Tuesday, December 29, 2009

The decision

So, for those of you that have not read my older posts, you may not realize that my daughter is not my soon to be ex husbands child. I have known him for over 10 years, but started dating him when she was 12 months old. Within 1 and a half years, we were living together, engaged, married, separated and now soon to be divorced. Yes, I know that this makes me sound like a slut with major issues and it’s probably true, but I like to do things backwards and wrong. I have always done things this way, people that know me, even expect it from me. I am sure that this explains a lot.

Now I find myself in a bit of a conundrum. You see, she calls him daddy and in her 2 year old mind, still relates to him as such. When he is around, she clings to him. She tells me she wants to go to daddy’s house almost every day. He says that he wants to be her daddy and remain in her life, but that it would be up to me to allow that. I am torn as to what is best for my daughter. I know that she loves him and he loves her, but should I cut the ties now while she is young and maybe won’t be affected too much. What if someday (a very long time from now) I meet someone that wants to be a family and actually means it? Someone that doesn’t promise time and then only come though with it when it works for him. Someone that doesn’t need to drink himself silly and miss major events in her or my life.

I know that my soon to be ex will provide financial help for her directly (meaning that he will get her the things she needs, but will not provide me with child support, which I completely understand and agree with since it is way more than most would do in this situation) and will be very good to her when he finds time. He will also provide a strong drive in academics, work ethic and possibly some male interaction that all little girls need. He really does love her in the only way that he knows how to love.

Here is where I have a major problem;

I know that he loves her in his own way. He treats her very well when he can find the time. But, we have been out of his house for over 2 months now and last week was the first time he has made time to see her. When we all lived under the same roof, in the beginning, he made a lot of time for her (and me), but almost as soon as we got married, that stopped. He began to choose work, hunting, friends and drinking over family time. Yes, I did play a part in this; he is not all to blame. However, he chooses to actually miss almost every holiday (including her Birthday family celebration) because he is hung over. Case in point: This Christmas Eve, I invited him over for dinner and to watch her open her gifts and possibly stay over night to be there when she woke for Santa’s gifts. He said that he wanted to and would call when he knew what time he could make it. At one point, he called to say that he was on his way and even offered to pick up my step sister. About a half hour later, I got a call that he couldn’t do it because he had to get up early to go hunting. In the background, I heard 2 of his buddies and they were already drinking, plus I could tell that he was already started slurring during our conversation which meant that they started drinking hours ago. He promised to see her on Christmas day, so I invited him to come over to my family’s home that is about 10 minutes from his house. His response was that he would come over for a while to give her his presents, but that he hates gatherings and didn’t want to stay too long. About an hour before that, I got a call stating that he was going to his sisters instead. (This would be completely understandable except that not one time while we were together did he accept an invite to her house for any reason because he can’t be in the same room as her for more than 5 minutes. But then again, her husband is one of his drinking buddies). Finally Saturday, he showed up, after Christmas was over and was of course hung over. But, I guess better late than never. This is how most of our married life played out. Everything came before me and since my daughter is “me”, before her too. I don’t understand how you can want to be a part of her (a 2 year olds) life and not want to be with her on her first “getting it” Christmas.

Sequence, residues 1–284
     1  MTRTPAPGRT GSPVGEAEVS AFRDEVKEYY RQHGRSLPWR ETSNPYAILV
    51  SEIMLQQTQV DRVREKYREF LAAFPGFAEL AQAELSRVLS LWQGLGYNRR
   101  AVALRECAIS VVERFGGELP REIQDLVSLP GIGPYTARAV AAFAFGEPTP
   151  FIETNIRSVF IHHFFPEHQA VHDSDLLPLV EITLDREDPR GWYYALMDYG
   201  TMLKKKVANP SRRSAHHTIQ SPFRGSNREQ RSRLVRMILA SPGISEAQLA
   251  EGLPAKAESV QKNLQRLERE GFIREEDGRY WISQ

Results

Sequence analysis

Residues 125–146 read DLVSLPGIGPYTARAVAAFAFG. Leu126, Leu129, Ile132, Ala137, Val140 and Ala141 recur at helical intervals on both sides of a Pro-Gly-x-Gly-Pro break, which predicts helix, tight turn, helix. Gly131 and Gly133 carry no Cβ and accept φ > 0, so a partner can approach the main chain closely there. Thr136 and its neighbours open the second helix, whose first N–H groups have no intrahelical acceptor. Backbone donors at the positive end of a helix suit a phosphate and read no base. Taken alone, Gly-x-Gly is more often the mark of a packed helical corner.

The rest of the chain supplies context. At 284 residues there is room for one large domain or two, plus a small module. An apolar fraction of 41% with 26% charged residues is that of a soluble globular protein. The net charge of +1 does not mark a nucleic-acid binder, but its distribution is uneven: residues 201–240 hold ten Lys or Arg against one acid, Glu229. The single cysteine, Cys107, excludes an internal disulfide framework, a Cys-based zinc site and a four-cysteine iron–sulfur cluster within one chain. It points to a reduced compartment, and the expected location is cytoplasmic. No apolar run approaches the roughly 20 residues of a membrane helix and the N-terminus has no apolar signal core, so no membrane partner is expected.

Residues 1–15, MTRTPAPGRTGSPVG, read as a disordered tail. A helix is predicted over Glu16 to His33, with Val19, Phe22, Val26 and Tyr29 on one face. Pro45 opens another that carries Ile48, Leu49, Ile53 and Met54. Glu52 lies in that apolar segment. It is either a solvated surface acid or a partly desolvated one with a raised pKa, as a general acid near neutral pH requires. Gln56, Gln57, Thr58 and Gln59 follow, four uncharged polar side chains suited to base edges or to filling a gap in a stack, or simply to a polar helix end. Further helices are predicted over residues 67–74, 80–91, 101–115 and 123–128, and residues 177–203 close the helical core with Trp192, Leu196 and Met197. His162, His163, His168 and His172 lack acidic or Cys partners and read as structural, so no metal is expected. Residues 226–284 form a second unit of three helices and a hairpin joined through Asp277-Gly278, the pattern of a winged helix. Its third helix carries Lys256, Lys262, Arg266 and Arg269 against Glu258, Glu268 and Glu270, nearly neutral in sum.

I can handle his selfish behavior now (I could not when we were married and I had to be round for the drunken hung over parts), but can a young impressionable little girl? Do I want to share her with someone that is no longer in my life, nor is blood related to her and can miss all of the important times in her life for a beer, gun and his friends?

I truly want what is best for my daughter and am torn between what that is. A father figure that is there when convenient, but is there sometimes and she loves him.

Or, just a mommy that can show her enough love for 200 people.


  1. Wow, this is a tough one. I think you need to have a heart to heart with him (if that's possible). Tell him everything you've said here. If he's not willing to make a committed effort to seeing her on a regular basis, than I think you need to cut the ties. Because it will hurt her as she gets older ......

    I feel for you, this is not an easy thing to solve.

  2. I agree with Dual Mom on talking to him about this committment. Also you may want to change him to his name with Toots. She may never have anyone to call dad, but hopefully she will have certain men in her life that can rely on. Good luck with it all.

  3. Speaking from my own experience, I believe a real *Daddy* is a man who puts his child's needs before his own. Period. There may be "father-figures" or other men in her life but the only one who should be called Daddy is the man who can put her first and ALWAYS act in her best interests.

    I also think that actions speak louder than words. Your soon-to-be ex may have the best intentions, but do you really think he can follow through? It doesn't sound to me like he can.

    That being said, I think trying to have your daughter call him by name from now on and maintain *some* relationship with him would be a healthy alternative to expecting him to be a Daddy to her. And then see how that goes. Ultimately, you should do what YOU think is best for her.